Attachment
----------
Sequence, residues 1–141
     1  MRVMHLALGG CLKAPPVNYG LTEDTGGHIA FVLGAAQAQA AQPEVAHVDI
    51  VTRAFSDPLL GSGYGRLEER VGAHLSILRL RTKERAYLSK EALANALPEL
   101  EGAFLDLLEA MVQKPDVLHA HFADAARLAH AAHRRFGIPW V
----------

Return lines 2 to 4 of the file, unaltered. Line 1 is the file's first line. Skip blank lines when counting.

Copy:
     1  MRVMHLALGG CLKAPPVNYG LTEDTGGHIA FVLGAAQAQA AQPEVAHVDI
    51  VTRAFSDPLL GSGYGRLEER VGAHLSILRL RTKERAYLSK EALANALPEL
   101  EGAFLDLLEA MVQKPDVLHA HFADAARLAH AAHRRFGIPW V